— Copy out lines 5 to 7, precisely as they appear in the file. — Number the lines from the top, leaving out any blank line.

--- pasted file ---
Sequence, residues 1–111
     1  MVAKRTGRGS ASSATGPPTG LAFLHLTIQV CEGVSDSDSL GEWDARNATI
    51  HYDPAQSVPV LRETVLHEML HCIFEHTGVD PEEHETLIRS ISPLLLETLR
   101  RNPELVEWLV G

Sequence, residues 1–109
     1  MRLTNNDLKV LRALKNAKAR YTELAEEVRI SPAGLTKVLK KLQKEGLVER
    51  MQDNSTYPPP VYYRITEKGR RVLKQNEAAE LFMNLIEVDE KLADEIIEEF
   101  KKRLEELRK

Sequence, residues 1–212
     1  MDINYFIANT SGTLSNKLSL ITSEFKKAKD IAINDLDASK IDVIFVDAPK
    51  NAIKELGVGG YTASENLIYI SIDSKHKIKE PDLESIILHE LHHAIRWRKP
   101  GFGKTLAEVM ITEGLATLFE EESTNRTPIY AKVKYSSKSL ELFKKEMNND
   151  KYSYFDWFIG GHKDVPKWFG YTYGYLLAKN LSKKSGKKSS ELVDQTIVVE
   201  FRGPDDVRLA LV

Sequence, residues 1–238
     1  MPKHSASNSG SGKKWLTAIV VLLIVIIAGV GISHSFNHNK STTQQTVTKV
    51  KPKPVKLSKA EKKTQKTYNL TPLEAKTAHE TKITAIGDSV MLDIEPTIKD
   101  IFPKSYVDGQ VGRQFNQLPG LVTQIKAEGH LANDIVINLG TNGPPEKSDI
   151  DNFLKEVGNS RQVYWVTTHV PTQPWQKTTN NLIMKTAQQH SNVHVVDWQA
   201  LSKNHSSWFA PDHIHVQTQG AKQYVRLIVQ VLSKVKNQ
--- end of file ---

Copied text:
Sequence, residues 1–109
     1  MRLTNNDLKV LRALKNAKAR YTELAEEVRI SPAGLTKVLK KLQKEGLVER
    51  MQDNSTYPPP VYYRITEKGR RVLKQNEAAE LFMNLIEVDE KLADEIIEEF